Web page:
Her Olympic pursuits, she believes, do have broader purpose. “Hopefully by doing that, I’m a role model to kids, and an inspiration to people everywhere,” she says. But the COVID-19 outbreak has tweaked the calculus. Emergency rooms in some U.S. cities are overflowing. Stone is trained to be in them, qualified to evaluate patients, to send them home or to the hospital floor or to the ICU, to insert breathing tubes if necessary.

Instead, she’s communicating with residency classmates from afar. “We’ve got a running [group] text that’s pretty active these days,” she says. And she’s monitoring the news; the rising case counts and death tolls; the troubling accounts, just like the rest of us are.

And that’s the source of her guilt – which she brings up, unprompted. It’s not regret. It’s helplessness. It’s “the feeling that I could be doing something I’m not.”

“Fortunately, Boston has not gotten a surge yet,” she says. “But we’re anticipating a surge, and it’s really hard knowing that my friends and colleagues are all dealing with this, and helping, in ways that I am most certainly not right now.”

She has volunteered to help if necessary. “Unfortunately, there are a lot of paperwork, logistics, certification stuff” that could stand in her way, she says. There are various “levels of crisis activation” that could call her to the frontlines. Until then, all she can do is wait. And think.

To postpone or not to postpone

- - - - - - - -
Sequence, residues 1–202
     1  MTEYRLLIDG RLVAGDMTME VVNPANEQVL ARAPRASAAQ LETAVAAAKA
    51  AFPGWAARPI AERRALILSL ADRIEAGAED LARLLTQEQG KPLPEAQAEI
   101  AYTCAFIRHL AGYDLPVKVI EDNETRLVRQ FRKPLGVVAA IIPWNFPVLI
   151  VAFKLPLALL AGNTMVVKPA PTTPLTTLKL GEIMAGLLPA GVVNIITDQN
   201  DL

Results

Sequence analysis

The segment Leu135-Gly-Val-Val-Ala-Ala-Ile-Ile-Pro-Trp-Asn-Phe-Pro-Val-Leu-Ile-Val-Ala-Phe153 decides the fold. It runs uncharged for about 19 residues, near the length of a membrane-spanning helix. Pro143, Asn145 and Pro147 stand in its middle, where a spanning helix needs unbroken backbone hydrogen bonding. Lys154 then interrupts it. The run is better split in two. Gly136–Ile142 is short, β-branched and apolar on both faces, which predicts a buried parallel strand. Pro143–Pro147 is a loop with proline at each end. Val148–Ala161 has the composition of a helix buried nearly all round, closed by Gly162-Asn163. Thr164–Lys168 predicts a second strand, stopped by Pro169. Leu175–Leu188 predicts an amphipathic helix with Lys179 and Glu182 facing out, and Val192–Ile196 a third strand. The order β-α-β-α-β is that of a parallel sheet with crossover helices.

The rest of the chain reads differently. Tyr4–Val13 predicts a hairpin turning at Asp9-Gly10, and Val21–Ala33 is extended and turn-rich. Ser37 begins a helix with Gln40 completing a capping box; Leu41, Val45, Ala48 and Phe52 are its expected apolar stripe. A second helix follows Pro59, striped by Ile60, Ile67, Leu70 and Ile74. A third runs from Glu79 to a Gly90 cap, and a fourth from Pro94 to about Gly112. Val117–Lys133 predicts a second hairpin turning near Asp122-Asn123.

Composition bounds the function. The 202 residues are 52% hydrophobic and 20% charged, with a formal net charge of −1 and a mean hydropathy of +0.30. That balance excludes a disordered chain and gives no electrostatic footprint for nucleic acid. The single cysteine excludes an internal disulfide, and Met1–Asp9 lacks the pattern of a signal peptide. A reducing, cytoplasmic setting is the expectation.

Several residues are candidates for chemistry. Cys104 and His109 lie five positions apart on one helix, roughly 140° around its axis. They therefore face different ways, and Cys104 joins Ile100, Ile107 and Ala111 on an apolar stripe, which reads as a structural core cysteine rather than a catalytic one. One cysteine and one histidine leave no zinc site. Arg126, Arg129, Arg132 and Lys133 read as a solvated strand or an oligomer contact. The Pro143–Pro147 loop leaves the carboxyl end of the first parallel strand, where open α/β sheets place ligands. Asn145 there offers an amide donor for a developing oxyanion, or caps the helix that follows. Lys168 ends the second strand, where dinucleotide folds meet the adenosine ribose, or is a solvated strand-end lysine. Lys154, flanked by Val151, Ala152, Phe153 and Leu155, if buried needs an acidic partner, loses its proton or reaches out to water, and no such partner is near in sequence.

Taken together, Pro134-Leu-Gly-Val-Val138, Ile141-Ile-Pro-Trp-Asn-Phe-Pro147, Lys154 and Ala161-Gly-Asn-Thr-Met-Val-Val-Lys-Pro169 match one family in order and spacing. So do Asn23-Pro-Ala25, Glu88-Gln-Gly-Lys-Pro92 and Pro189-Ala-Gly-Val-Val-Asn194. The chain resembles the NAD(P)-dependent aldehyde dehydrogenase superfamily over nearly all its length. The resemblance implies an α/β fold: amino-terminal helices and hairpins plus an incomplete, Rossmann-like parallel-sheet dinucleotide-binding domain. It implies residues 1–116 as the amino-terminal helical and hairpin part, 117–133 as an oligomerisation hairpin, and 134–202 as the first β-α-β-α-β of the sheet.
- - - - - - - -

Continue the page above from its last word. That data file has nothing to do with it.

The all but official news arrived over the radio during a Monday afternoon lift. The official announcement appeared on her phone Tuesday morning. Stone had been running steps at Harvard Stadium, up to the top row overlooking Cambridge, then back down. Still training, up until the IOC made the call: The 2020 Olympics were postponed — to a date after Stone’s residency is set to resume.

And thus, the decision: To push it back another year, or to finally give in?

To choose the latter would be to discard two years of relentless, strenuous training as something resembling waste.

To choose the former would be to “postpone a lot of other things in life” yet again.

“Adding to the equation: training is exhausting, physically and mentally and emotionally,” Stone says. It’s even more so without the rewards — “the fun, of racing internationally, traveling internationally, world championships,” much of which has or could be shuttered by the virus, she adds.

And then there’s her boyfriend’s biggest worry, one that she initially didn’t consider, but that some experts would share. What happens if the pandemic isn’t under control in 12 months? “What happens if you row for another year and then it’s postponed again?” Or ever canceled?

“It’s very unknown and uncharted territory,” Stone says.

The closest thing to precedent, in a way, is what her dad lived through 40 years ago this month. The specifics are different. One takeaway, however, holds up. It was part of the advice Gregg gave Gevvie back in 2017, when the decision between residency and all-out training loomed. And it was informed by Gregg’s own choice, to move on with life, which he now feels was the wrong one.

“It’s totally up to you,” he told his daughter. “But you’re going to be a doctor the rest of your life.”

The pandemic, of course, will play a big role in her ultimate decision. Before she makes it, she’d also like to know 2021 Olympics dates, which remain undecided.

In the meantime, the water still calls. Gevvie still answers. Even this week. She heads to the Charles River. Her oars dip into it. Her boat glides down it. “It’s the happiest place for me to be in the chaos of the current world,” she says.